This was his home for 30 years, then ICE forced dad from family
With two immigration agents hovering nearby, Jorge Garcia pulled his wife and their 15-year-old daughter and 12-year-old son close for a final hug at the Detroit airport. Soon after, the 39-year-old landscaper from Lincoln Park boarded a plane bound for Mexico, deported Monday after three decades of living, working and raising a family in the U.S. Garcia was brought to the country with an undocumented relative when he was 10. His deportation was stayed during the Obama administration as his family looked for ways to get him legal status. Under President Donald Trump, that was no longer an option. "He deserves to be here in a country that heís known, not Mexico," Cindy Garcia, Jorgeís wife of 15 years and an American citizen, told CNNís Chris Cuomo on Monday, adding these deportations affect 11 million others. Immigration and Customs Enforcement didnít respond to a message seeking comment Tuesday. Jorge Garciaís deportation turned him into the latest public face of what many critics have called Trumpís cruel and excessive crackdown on undocumented immigrants. Under the Obama administration, people in Garciaís position were rarely targeted for deportation. He was just barely too old to qualify for the Obama policy Deferred Action for Childhood Arrivals, or DACA. "I got to leave my family behind," Garcia told local media. "... Itís just hard." Said AJ Freer of UAW 600, one group that turned out with the Garcias at the airport: "For a man who cares deeply and supports his family, obeys the law, pays taxes and has a history of helping others, I think ICE and the federal government of the United States acted cruelly to this family."
AIDS crusader Mathilde Krim dies
Mathilde Krim, a prominent AIDS researcher who galvanized worldwide support in the early fight against the deadly disease, has died. She was 91. Krim was founding chairwoman of The Foundation for AIDS Research, or amfAR. The nonprofit said she died Monday at her home in Kingís Point. "So many people alive today literally owe their lives" to her, said amfAR CEO Kevin Robert Frost in a statement. Krim was a geneticist with experience in cancer research when AIDS first surfaced in the early 1980s. Over the next several decades, she mobilized a vast army of celebrities and others to help raise money and battle against homophobia, superstitions, fears and prejudices that have stigmatized many people with AIDS. Using amfAR as her platform, Krim promoted needle-exchange programs and the use of condoms and other safe-sex practices; castigated religious leaders who denounced homosexuality as immoral; fought mandatory AIDS testing that might be used to persecute gay people; opposed the use of placebos in experimental drug trials, saying patients might be dead before outcomes were proved; and campaigned for laws to bar discrimination against gay people in housing and employment. In 2000, Krim was awarded the Presidential Medal of Freedom, the highest civilian honor in the nation.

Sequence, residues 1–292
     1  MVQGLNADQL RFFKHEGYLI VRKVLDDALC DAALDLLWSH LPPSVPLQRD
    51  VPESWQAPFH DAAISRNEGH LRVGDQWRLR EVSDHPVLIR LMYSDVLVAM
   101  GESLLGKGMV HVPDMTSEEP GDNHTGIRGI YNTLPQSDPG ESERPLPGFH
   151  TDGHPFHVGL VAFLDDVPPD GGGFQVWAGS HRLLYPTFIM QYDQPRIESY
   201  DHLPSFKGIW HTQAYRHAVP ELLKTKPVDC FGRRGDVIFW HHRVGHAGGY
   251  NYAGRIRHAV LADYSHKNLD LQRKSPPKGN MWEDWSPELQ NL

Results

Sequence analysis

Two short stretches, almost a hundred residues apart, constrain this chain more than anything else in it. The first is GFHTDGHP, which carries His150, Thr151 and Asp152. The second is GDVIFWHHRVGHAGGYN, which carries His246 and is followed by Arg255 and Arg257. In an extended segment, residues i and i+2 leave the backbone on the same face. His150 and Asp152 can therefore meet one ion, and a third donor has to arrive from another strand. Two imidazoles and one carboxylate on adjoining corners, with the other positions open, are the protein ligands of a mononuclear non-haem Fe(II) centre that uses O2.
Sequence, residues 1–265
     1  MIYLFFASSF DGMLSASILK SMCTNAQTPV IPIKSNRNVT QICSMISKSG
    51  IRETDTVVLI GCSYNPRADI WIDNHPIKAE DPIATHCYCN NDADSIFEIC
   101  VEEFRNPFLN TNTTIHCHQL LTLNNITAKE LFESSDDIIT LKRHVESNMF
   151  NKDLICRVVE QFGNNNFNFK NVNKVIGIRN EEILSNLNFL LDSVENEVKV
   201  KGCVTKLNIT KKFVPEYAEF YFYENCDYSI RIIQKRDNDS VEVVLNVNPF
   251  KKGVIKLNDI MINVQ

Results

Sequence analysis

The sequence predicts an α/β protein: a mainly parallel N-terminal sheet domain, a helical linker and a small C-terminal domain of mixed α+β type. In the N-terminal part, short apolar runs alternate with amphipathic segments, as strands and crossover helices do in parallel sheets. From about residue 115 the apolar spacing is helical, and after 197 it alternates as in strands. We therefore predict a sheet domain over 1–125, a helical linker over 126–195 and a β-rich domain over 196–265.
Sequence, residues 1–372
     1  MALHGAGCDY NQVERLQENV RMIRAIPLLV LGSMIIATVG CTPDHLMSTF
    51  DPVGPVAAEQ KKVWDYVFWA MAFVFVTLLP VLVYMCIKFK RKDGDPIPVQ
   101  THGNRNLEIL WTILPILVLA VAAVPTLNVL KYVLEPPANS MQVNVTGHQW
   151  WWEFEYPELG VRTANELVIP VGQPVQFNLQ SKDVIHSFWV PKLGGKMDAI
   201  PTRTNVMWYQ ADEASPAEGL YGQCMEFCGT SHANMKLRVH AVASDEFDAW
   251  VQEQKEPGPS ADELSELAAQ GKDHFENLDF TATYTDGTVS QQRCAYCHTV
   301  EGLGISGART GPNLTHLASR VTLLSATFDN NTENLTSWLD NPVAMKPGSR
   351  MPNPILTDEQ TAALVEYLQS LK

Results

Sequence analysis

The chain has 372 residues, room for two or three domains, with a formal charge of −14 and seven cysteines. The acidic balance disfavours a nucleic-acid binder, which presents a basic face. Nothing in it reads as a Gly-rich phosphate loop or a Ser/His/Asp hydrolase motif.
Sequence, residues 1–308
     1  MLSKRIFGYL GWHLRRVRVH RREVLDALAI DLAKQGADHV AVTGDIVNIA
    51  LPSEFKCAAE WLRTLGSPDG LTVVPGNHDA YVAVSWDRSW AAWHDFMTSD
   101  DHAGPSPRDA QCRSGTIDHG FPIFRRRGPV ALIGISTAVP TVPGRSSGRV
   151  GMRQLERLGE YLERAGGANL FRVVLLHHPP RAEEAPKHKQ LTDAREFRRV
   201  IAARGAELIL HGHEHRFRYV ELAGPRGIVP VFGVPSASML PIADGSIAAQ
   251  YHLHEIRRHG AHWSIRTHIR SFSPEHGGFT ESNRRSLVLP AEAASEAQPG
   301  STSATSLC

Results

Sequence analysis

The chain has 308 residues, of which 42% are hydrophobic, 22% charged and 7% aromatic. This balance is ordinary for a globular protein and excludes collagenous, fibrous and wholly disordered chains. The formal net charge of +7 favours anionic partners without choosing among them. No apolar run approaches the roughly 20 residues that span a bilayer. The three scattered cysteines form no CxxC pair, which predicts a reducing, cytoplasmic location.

White House directed Bannon silence in House panel interview
Steve Bannonís attorney relayed questions, in real time, to the White House during a House Intelligence Committee interview of the former Trump chief strategist, people familiar with Tuesdayís closed-door session told the AP. As lawmakers probed Bannonís time working for President Donald Trump, Bannonís attorney Bill Burck was asking the White House counselís office by phone whether Bannon could answer. He was told by that office not to discuss his work on the transition or in the White House. Itís unclear with whom Burck was communicating. He is also representing top White House lawyer Don McGahn in special counsel Robert Muellerís investigation into contacts between the Trump campaign and Russia. Press secretary Sarah Huckabee Sanders confirmed the questions were relayed over the phone, calling it a typical process.
To stop preventable deaths, panel says lower drunken driving level
Most women would need to draw the line at two drinks and men at two or three if states follow a blueprint by a prestigious scientific panel for eliminating the nationís annual, preventable 10,000 alcohol-impaired driving deaths. The U.S. government-commissioned report by a panel of the National Academies of Sciences, Engineering and Medicine made multiple recommendations, including significantly lowering drunken driving thresholds. It calls for lowering the blood-alcohol concentration threshold from 0.08 to 0.05. All states have 0.08 thresholds, but Utahís will lower to 0.05 on Dec. 30. The amount of alcohol required to reach 0.05 depends on several factors. The report cites studies indicating most women over 120 pounds would reach 0.05 after two drinks. Men weighing up to about 160 pounds would likely reach the lower threshold at two, and those over 180 pounds at three. The panel also recommended states significantly increase alcohol taxes and make alcohol less conveniently available. Research suggests a doubling of alcohol taxes could lead to an 11 percent reduction in traffic crash deaths, the report said. It also calls for cracking down on sales to people under 21 or who are already intoxicated to discourage binge drinking. ó tbt* wires